Miami Who?

Medium: Acrylic paint on plywood
Dimensions: 35" W x 52" H
Price: $40,000

In the early 1980's I made the acquaintance of John Ayers, an offensive lineman for the San Francisco 49'ers. He stopped by my studio/woodshop on half a dozen occasions because he loved fine woodwork. Our rambling conversations of woodwork, life and families went on for hours but we never once discussed football.

Because of that brief personal connection, I paid attention to his career and got caught up in 49'ers fever. When Super Bowl XIX was to be played in Stanford Stadium, Palo Alto, my old stomping ground, I got carried away by the hype. Before the game, as the stadium was being readied, I walked around to enjoy the building excitement and became determined to create an artwork.

For years I'd wanted to do something stupid with the plugs used to fill veneer knotholes on the 'A' sides of commercial plywood. A zillion guys, myself included, had looked at them and thought, "Hey, footballs." So, all the design elements fell into place. I would do a plywood painting shaped like a football and accentuate a couple of plywood football 'plugs.' With characteristic in-your-face fandom I entitled the piece, Miami Who?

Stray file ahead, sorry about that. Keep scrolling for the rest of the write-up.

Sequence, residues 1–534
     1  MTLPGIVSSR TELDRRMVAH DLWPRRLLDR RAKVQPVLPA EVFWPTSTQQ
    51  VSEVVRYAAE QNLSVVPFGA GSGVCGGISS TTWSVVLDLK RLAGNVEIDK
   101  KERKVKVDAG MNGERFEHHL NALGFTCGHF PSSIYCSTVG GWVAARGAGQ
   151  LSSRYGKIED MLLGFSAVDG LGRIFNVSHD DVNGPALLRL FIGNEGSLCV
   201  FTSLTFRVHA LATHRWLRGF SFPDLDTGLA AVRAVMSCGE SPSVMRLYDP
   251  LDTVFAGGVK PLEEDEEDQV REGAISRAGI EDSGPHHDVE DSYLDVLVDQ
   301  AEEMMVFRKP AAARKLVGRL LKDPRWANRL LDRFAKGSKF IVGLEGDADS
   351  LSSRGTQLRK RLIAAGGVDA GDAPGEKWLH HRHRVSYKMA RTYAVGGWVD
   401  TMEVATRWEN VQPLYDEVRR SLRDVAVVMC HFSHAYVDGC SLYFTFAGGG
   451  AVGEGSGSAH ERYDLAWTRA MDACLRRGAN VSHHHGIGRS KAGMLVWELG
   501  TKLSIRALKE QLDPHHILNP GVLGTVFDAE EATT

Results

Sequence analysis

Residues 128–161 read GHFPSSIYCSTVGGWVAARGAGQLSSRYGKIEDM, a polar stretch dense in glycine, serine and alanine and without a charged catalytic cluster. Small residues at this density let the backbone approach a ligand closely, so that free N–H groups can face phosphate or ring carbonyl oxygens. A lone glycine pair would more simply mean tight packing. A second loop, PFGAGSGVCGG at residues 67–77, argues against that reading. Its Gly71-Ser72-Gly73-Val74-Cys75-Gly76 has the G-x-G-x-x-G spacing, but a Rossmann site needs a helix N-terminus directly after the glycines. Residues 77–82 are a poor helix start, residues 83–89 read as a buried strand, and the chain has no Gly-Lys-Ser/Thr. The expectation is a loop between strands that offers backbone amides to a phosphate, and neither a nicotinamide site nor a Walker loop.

The painting itself was a ridiculous process. When you look at plywood you see the pattern of light and dark. The light wood are the summer rings when the tree that was peeled into a veneer grew fastest. The dark wood are winter rings. The lighter wood covers a much greater percentage of any sheet of plywood and I determined to paint most of the background image only on the summer rings. It was laborious! The two knothole plugs became footballs and various elements were painted on top of the background on which I had even painted the Stanford Tree. Those included the Stanford Stadium, the main marquee at the stadium and a 49er’s helmet among others. It was a real labor of Love and topped off by a wooden frame I created to embellish the painting.

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